Producer Spotlight: Manos Zapotecas
We're excited to introduce Manos Zapotecas, Lydali's newest artisan partner and the first we've worked with in Mexico. Their striking bags are both hand-dyed and hand-woven by weavers in Oaxaca, Mexico, and we're excited to have them as part of our fall collection.
Teotitlan del Valle, a small Mexican village outside of Oaxaca, is home to a firmly rooted authentic ancient culture. The doorways of adobe and brick family homes display patterns, shapes, and colors of the Zapotec people. And catching a glance inside one of these homes, one would find even the youngest weavers using the 500-year-old techniques and processes of their ancestors – employing large treadle looms, surveying endless varieties of colorful yarn, dyeing wool, and ultimately producing woven pieces that are both traditional and one of a kind.
This family tradition, however, is threatened. With a major rise in violence and a decline in tourism, weavers are forced to sell their pieces for a fraction of the initial price in order to make any money at all. The market for woven goods in Mexico is vanishing.
Shelley Tennyson, the founder of Manos Zapotecas, recognized this trend while volunteering with a group of female weavers in the village. The dwindling Mexican market and lack of buyers were forcing many weavers into poverty and away from their rich tradition. Witnessing these effects firsthand, Tennyson wanted to help.
Her solution? Bring the handmade products to the states and break open new markets with Manos Zapotecas– a way for the weavers of Teotitlan to share their work with the world.
With that in mind, Tennyson set out to preserve the culture of the Zapotec people, improve their communities, and foster their livelihoods by committing to fair trade prices for their products.
While Zapotec weavers traditionally made only rugs, the company produces and carries much more than that. With charming purses, luggage, backpacks, pillow covers, and even laptop sleeves, Manos Zapotecas is embracing the ancient techniques and adding a modern twist.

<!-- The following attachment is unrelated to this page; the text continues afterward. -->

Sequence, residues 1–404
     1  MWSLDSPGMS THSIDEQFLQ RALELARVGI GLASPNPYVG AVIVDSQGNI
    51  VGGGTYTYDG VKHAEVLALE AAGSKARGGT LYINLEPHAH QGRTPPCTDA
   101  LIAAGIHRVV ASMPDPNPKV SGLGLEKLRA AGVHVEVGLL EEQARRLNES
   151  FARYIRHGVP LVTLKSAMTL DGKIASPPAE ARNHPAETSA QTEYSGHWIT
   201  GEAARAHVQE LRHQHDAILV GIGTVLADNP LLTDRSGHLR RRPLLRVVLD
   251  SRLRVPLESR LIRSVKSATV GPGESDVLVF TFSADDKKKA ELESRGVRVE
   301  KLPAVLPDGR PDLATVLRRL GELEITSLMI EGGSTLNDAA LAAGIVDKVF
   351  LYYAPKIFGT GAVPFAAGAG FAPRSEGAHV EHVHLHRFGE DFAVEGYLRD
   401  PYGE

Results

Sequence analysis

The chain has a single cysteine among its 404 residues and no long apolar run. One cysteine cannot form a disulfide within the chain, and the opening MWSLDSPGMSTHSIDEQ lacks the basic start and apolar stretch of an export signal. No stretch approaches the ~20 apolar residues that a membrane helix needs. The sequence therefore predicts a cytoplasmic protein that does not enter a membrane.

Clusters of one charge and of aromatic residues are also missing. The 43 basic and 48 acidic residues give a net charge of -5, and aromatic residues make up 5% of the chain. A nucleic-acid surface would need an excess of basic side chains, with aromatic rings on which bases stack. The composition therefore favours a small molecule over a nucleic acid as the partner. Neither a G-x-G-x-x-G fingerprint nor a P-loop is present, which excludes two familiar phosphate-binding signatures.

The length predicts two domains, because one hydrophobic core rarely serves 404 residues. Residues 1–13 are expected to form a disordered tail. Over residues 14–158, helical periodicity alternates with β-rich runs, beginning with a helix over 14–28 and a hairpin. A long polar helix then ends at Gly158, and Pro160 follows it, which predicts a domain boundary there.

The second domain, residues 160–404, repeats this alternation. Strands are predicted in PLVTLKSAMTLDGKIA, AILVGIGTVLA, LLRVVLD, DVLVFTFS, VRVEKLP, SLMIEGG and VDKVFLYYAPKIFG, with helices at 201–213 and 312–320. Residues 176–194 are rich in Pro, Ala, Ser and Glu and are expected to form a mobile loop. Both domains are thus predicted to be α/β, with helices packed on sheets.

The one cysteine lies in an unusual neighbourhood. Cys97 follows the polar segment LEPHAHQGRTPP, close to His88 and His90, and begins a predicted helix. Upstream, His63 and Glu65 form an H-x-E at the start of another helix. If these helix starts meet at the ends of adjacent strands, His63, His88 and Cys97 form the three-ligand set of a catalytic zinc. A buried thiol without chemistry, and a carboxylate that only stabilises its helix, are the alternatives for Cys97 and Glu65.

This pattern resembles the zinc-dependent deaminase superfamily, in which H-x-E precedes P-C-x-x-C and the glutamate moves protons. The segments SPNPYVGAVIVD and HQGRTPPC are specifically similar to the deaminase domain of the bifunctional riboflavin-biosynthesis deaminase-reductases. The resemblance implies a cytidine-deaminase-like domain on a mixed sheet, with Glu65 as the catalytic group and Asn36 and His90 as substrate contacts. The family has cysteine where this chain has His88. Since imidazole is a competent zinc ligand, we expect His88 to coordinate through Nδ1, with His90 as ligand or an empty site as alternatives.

Liz Moffett, the company’s web operations manger, especially appreciates this combination. “Many of the designs you see on our products are traditional designs that date by to pre-conquest ruins,” she said. “It just makes me smile to know that their tradition can join with modern products and accessories to make something eye-catching and fabulous.”
Moffett said the weavers also enjoy the challenge of creating these new products, which allow for more creativity with Zapotec designs.
“The weavers are always so excited about trying new things and are involved in every step of the new product process,” she said. “They have so many wonderful ideas that are augmented by our research here in the states.”
Mixing today’s trends and ancient culture is no easy task, however. Cultural differences, such as color pairings, can create challenges for the groups of Manos Zapotecas that work together. While bright yellow, red, and lime green work together as a very popular color scheme in Teotitlan, that combination doesn’t work as well in the United States, where consumers are currently into mixes such as mint, cream, and coral. The same bag may need completely different colors depending on where it will potentially be sold.
“Popular color schemes in Mexico and the United States could not be more different,” Moffett said. “It's really strange to think in our globalized world that something as simple as what three colors look great together could be so different. But it makes me smile that there is still that difference out there– that we haven't yet reached a worldwide culture and that places and people are still different.”
In Mexico, Manos Zapotecas has found a partner in Francisco “Paco” Santiago Bautista, an Oaxaca, Mexico native of Zapotec descent. Living in an active weaving community in Teotitlan and working to perfect his English, Paco coordinates and ships all orders to their foreign destinations. He also brings true authenticity to Manos Zapotecas, as a fourth-generation weaver who is now passing the cultural tradition down to his own children, as many Zapotec people do.
Because the company works with many families that don’t have phones, computers, or Internet access, Paco plays an important role as communicator in Teotitlan when other Manos Zapotecas employees aren’t in Mexico.
As the company strives for conscious consumerism and a sustainable living for the proud weavers of this Mexican village, Manos Zapotecas is also providing beautiful, authentic, handmade items for those who are unable to make their way to Oaxaca for a one-of-a-kind iPad case with an intricate Zapotec design.
“We hope,” Liz said, “that by making these amazing weavings available on a larger scale, the tradition will be able to continue in the village for generations to come.”
Lydali now carries five different tribal wool clutches from Manos Zapotecas that are handwoven and sewn by Paco and his wife Josefina in Teotitlan. You can find them in our shop here.
Leave a Reply